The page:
Trouble the Water 1
The Old Dog
The dog was old and close to dying. He woke slowly now that he was back, the sun warming the ache out of his bones. He had a flickering thought that he’d like to fall asleep and never wake, but he couldn’t die until he knew the boy was safe. So every morning he pushed himself up and sniffed the air for the boy’s scent, and when he didn’t find any trace of it, he started for the river.
Most nights he slept on the woman’s porch, so that he could smell the river, hear the boy’s calls if they came. His first night back, he’d gone
to his old house, but when he’d barked, no one had opened the door or called out, “Hey, pup, ready for dinner?” If the boy had been there, he would have answered.
He knew that the woman would give him scraps from the table in a bowl by the door when she saw him, and he knew that if he stayed too long, she’d try to claim him. She’d snapped a collar on him when he showed up the first time, but he’d complained so loudly that she’d finally taken it off. The old dog, like most dogs, couldn’t parse out the particulars of human speech, but he could make sense of what people were telling or asking him from the pitch of their voices, the firmness or wobble of their words, so he’d known the woman wanted him to stay when she’d said, “You’d like it here, I swear you would,” before she put the collar back on a peg just inside the doorway.
The woman lived in the house by herself. No other human smells mixed with hers, no onion stink of a man home from the fields, no sweet scent of a child fresh out of his bath, traces of
soap still in his hair, an untouched patch of dirt behind his left ear. The old dog had lived close to humans when he was young, close to the boy, and could sniff one on the air. They each had a particular smell, and there was only one human smell around the woman’s house. It was a nice smell, a mix of river water and new grass and something sweet. The first small flowers of May. He didn’t have words for any of these things, but he knew them.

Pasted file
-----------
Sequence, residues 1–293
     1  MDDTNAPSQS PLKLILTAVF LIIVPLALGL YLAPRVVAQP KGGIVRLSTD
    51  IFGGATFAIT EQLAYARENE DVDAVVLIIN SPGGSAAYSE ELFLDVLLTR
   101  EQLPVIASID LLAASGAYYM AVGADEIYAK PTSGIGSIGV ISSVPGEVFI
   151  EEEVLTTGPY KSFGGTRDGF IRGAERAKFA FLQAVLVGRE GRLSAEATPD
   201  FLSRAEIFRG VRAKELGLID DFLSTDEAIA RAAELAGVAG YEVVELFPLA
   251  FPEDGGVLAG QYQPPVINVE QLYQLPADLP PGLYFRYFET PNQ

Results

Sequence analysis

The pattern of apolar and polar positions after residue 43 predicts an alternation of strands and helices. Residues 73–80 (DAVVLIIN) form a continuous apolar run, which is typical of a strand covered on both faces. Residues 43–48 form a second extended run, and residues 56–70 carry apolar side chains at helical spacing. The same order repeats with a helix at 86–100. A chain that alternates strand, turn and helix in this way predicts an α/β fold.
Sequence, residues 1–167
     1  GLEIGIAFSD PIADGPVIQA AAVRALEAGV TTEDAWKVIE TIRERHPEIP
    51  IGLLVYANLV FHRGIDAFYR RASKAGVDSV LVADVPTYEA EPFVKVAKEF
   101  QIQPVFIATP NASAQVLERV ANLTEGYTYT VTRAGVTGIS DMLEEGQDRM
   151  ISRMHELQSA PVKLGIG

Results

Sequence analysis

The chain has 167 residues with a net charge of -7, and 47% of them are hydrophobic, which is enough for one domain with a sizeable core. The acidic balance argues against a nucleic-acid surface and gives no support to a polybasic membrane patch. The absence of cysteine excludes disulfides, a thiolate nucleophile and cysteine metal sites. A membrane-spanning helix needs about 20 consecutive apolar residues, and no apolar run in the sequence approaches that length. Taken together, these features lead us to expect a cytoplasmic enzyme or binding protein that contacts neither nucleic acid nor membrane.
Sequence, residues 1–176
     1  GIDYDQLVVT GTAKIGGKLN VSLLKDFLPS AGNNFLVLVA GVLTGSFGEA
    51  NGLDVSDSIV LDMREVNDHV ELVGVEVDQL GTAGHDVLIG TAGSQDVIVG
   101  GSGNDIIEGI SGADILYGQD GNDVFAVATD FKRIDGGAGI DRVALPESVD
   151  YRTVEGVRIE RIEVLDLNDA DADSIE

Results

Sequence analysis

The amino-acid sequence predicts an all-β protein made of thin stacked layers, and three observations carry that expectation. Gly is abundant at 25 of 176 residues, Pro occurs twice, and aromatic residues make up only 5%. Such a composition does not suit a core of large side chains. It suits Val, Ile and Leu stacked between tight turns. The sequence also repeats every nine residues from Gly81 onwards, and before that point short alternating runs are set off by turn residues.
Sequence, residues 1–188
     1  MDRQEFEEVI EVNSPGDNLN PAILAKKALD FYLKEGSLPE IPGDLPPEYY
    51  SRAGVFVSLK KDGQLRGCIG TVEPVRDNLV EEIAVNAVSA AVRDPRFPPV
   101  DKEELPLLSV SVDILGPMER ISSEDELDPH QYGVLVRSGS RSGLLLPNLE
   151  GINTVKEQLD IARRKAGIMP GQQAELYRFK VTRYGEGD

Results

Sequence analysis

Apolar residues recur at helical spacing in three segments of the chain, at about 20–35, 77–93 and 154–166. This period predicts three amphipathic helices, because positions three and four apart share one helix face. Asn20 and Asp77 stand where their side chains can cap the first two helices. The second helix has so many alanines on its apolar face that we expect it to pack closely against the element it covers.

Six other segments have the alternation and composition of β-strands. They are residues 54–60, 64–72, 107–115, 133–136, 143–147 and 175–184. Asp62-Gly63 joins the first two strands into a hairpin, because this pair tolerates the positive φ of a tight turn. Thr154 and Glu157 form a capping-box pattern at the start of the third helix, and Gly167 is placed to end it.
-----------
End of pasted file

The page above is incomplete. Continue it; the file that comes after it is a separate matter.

“Well, hey there, pup,” the woman greeted him now as she emerged from the doorway with a basket in her hand. “I see you stayed for breakfast. Look at you, so slow to get up. Bet you got the arthritis in your bones, old thing like you.”
He followed her around the corner of the house and through the garden gate. “Got to get your vegetables picked first thing of a morning,” the woman informed him as she set to work. “Bugs’ll eat you alive if you come out here at night, skeeters and no-see-ums, they’ll bite you all to pieces. Sun’ll burn you up, you come out at noon. No, first thing of a morning,
that’s the best time. That’s when you get things at their freshest.”
As she talked, she pulled tomatoes and squash and cucumbers off their vines and put them in her basket. The old dog sniffed the vegetables without much interest. Sometimes the woman scrambled him a pan of eggs, and cooked a few slices of bacon, and at the last minute threw in leftovers from dinner the night before. He knew all he had to do was follow along as she did her morning chores and chatted to him. The old dog liked the woman. He didn’t mind waiting.
Breakfast this morning turned out to be fried liver mush and cold roasted potatoes. He gulped down the liver in two swallows and sniffed the air for more. “Sorry, pup, you got the last of it,” the woman told him. “Come back tonight, I might have some chicken for you. I’ll take out the bones first, lessen you choke.”
The old dog recognized the sound in her voice as something he’d been feeling so long now it was like a natural-born part of him. It was the sound of something—someone—missing.
On his long journey home, his nose in the air, hunting for the boy’s scent, he’d let out a howl now and again, and you could hear that sound in his voice too.
After breakfast he left the woman’s house for the woods and the river, and was almost at the water when he heard a younger dog barking. How far away? Far enough that he couldn’t be sure what—or who—the younger dog was growling at. Maybe the old dog, but probably not. He understood other dogs even better than he understood humans. Still, he took cover.
When he sensed the danger was past, he slowly took to his feet again. Should he go back to the woman’s house, rest under the cool shade of her front porch? When the sun got low enough in the sky, she’d come out to keep him company, and he liked that, liked her voice as it went up and down and drifted through his dreams.
He was about to turn around when a feeling seized him, shot through his chest and around his ears like a winter wind. Follow the dog, the feeling told him. Sniffing the air, he
understood. It wasn’t just a dog in the woods; the wind carried the scent of a boy. And though he knew it wasn’t his boy, maybe this boy could lead him to his boy.
The old dog was dying. He knew he was dying. He knew he didn’t have much time. He turned and headed deep into the woods.